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Fickle winter weather this year


Winter this year will be late, which means we can all enjoy mild temperatures for a while yet, despite the usual intermittent colder winter spells from southerly flows. There may even be spring bursts of blossoms and grass growth resulting from the mild early winter. The southern hydrolakes will be seriously low before August, prompting media speculation of a looming power crisis.


The Indian summer conditions are expected to drift away in the last week of May, and an overdue autumn then sets in, dry for many e.g. Waikato. . This year the wintry blasts come later than usual, but they do arrive. The weather will blow hot and cold leaving many to wonder what the season is about. But at the late end to the North Island ski season, ski operators will not be too displeased with the year if they decide to extend the season by a month.


The El Nino system should keep many eastern regions dry for the winter, particularly Canterbury and Otago from July onwards, despite eventual snow in the high country and odd snowfalls in coastal towns. Marlborough is expected to begin a prolonged drought around mid June, which may only be properly relieved by heavy rains in the last week in March of 2016.


The first polar blast of winter for Canterbury that blocks roads, closes schools and traps motorists is not expected until the last few days of June, just before the combination of southern declination and full moon at the start of July. Snow may blanket inland Canterbury, but only light falls are expected for Otago and Southland.


This will coincide with the aphelion, the traditional situation around the first week of July, when the sun is always the furthest distance from earth for the year. It is why one of the coldest days of this year is likely to be 7 July, and may even break some 20-year records. Grass level temperatures may plunge to between minus five and ten in inland locations. Then, the anticyclone bringing these colder conditions should move off the country around 9 July..


Despite fresh snow falling around the end of July’s first week, bringing cold dry weather suitable for snowmaking, two weeks will go by on Mt Ruapehu before the area is suitable for proper skiing.  Operators will be pleased that crowds will already be flocking to beginners’ slopes as Ruapehu becomes attractive again after two relatively sparse ski seasons.  Snow on the mountain falls again around 11 July, but may be short lasting.


Central Plateau snowfields should still aim for an opening around 18 July even though anxiety will be building because of insufficient snow that will still be keeping Whakapapa's upper ski runs closed. Around 21 July the lower South Island may receive heavy rain, snow and wind.  In Queenstown district and the Wakatipu Basin road gangs should gear up for pulling vehicles out of roadside ditches. Then, two days later, snow again falls on Ruapehu although central North Island motorists trying to reach skifields may be inconvenienced by road closures.


By 11 August, snow and ice may begin to affect the main roads of both islands, from the Desert Rd to South Canterbury. About 15 August, the country should be affected by the first serious bite of winter, with high winds and swells buffeting Cook Strait. Over following days the Desert Rd may find itself facing frequent closures. And by mid August snow levels should be down to about 700m.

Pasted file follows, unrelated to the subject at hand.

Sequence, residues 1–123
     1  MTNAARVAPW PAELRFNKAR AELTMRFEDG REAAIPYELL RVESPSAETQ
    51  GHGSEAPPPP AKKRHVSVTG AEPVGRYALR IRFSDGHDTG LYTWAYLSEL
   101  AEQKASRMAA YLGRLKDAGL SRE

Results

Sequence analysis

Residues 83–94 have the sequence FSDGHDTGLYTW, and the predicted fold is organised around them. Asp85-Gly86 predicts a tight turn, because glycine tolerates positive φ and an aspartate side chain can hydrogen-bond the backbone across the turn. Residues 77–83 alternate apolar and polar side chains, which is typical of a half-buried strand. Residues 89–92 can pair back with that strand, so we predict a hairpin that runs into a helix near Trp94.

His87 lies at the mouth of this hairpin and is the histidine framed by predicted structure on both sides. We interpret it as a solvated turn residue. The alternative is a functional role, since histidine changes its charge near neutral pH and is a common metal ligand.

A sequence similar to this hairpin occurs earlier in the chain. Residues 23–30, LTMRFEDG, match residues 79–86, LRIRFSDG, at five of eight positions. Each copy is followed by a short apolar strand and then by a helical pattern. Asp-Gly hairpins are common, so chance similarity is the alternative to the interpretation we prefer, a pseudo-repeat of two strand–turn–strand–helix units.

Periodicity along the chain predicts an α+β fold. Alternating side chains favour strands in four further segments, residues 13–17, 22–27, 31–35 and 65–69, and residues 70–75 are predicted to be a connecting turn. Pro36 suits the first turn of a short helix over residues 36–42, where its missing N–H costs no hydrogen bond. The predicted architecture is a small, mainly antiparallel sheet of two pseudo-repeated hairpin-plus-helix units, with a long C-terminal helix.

At or near 30 August, snow is expected to again blanket Christchurch, with the chance of road closures and power blackouts. The intense southerly flow from this system should then make its way up to the North Island, bringing more snow to the central North Island around 2 September. Most major roads in central NorthIsland will be frequently closed during this period. On Ruapehu, the winds may be seriously strong, with gusts of up to 200kph and full-on blizzard conditions, and this could prohibit safe skiing.


About this time operators will be opening and closing the mountain several times within short periods.  Turoa will receive one or two days of good snow but blocked roads will make the facilities and slopes inaccessible. Snow should fall to about 800m. This cold blast with its accompanying storm conditions will continue to affect the country until a general clearing around 4 September.


But then on 17 September for the second time in three weeks, Christchurch could receive light snow flurries. North Canterbury may get steady snow falls which settle at higher altitudes. As the moon approaches southern declination on the 22 September; Northland, Coromandel and western Bay of Plenty may receive an unexpected drenching of rain


By the last week in September, dry weather and sunshine will cause many to believe that an early summer has arrived.  Then from mid October onwards, come four weeks of weather contrasts. Northland will become very dry, also the north of the South Island and central Otago. But the southern half of the North Island may be unusually wet.


Because of the late winter, snow operators in the North Island would be well advised to run the season late and close around mid November, although snowfalls are expected to continue falling on the mountains beyond November.


It seems that each year sheep farmers are plagued by lambing losses. This year, with the last wintry snap due around mid September and most frosts gone from most of the South Island by October, in parts of Southland and Otago they may linger a bit longer – with rain as well. Sheep farmers should keep ewes and new lambs in more sheltered areas until at least mid-October to play it safe and minimise stock loss.



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